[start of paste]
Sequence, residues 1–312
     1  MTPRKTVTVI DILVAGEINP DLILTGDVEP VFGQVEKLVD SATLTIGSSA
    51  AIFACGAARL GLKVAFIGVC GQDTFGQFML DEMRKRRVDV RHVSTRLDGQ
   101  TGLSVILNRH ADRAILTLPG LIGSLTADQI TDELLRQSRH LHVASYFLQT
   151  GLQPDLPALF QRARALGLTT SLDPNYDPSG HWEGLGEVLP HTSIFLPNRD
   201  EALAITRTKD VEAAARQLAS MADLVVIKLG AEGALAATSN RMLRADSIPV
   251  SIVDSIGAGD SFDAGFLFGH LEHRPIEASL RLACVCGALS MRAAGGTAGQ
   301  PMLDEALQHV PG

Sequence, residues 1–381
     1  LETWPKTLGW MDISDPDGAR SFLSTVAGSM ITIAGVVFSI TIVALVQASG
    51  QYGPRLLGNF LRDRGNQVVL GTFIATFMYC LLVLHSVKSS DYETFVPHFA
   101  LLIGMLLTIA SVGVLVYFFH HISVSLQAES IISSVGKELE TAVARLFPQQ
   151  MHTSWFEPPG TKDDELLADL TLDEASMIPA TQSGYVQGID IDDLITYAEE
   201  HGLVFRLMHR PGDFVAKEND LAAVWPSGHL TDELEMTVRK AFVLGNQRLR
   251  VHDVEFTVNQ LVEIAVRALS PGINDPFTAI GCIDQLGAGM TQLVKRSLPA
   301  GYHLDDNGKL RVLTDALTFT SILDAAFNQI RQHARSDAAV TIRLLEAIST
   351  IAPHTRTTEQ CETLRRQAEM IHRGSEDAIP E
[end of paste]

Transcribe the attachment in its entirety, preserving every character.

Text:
Sequence, residues 1–312
     1  MTPRKTVTVI DILVAGEINP DLILTGDVEP VFGQVEKLVD SATLTIGSSA
    51  AIFACGAARL GLKVAFIGVC GQDTFGQFML DEMRKRRVDV RHVSTRLDGQ
   101  TGLSVILNRH ADRAILTLPG LIGSLTADQI TDELLRQSRH LHVASYFLQT
   151  GLQPDLPALF QRARALGLTT SLDPNYDPSG HWEGLGEVLP HTSIFLPNRD
   201  EALAITRTKD VEAAARQLAS MADLVVIKLG AEGALAATSN RMLRADSIPV
   251  SIVDSIGAGD SFDAGFLFGH LEHRPIEASL RLACVCGALS MRAAGGTAGQ
   301  PMLDEALQHV PG

Sequence, residues 1–381
     1  LETWPKTLGW MDISDPDGAR SFLSTVAGSM ITIAGVVFSI TIVALVQASG
    51  QYGPRLLGNF LRDRGNQVVL GTFIATFMYC LLVLHSVKSS DYETFVPHFA
   101  LLIGMLLTIA SVGVLVYFFH HISVSLQAES IISSVGKELE TAVARLFPQQ
   151  MHTSWFEPPG TKDDELLADL TLDEASMIPA TQSGYVQGID IDDLITYAEE
   201  HGLVFRLMHR PGDFVAKEND LAAVWPSGHL TDELEMTVRK AFVLGNQRLR
   251  VHDVEFTVNQ LVEIAVRALS PGINDPFTAI GCIDQLGAGM TQLVKRSLPA
   301  GYHLDDNGKL RVLTDALTFT SILDAAFNQI RQHARSDAAV TIRLLEAIST
   351  IAPHTRTTEQ CETLRRQAEM IHRGSEDAIP E